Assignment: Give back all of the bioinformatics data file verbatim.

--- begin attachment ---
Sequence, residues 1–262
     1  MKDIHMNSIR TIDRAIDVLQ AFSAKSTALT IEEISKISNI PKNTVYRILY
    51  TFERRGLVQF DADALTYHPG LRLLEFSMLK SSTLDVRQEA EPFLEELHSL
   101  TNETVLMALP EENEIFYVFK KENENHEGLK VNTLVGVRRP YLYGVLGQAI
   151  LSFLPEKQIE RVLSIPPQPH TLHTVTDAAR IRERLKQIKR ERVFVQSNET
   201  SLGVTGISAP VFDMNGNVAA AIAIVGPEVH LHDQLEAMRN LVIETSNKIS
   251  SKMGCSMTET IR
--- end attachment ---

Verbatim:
Sequence, residues 1–262
     1  MKDIHMNSIR TIDRAIDVLQ AFSAKSTALT IEEISKISNI PKNTVYRILY
    51  TFERRGLVQF DADALTYHPG LRLLEFSMLK SSTLDVRQEA EPFLEELHSL
   101  TNETVLMALP EENEIFYVFK KENENHEGLK VNTLVGVRRP YLYGVLGQAI
   151  LSFLPEKQIE RVLSIPPQPH TLHTVTDAAR IRERLKQIKR ERVFVQSNET
   201  SLGVTGISAP VFDMNGNVAA AIAIVGPEVH LHDQLEAMRN LVIETSNKIS
   251  SKMGCSMTET IR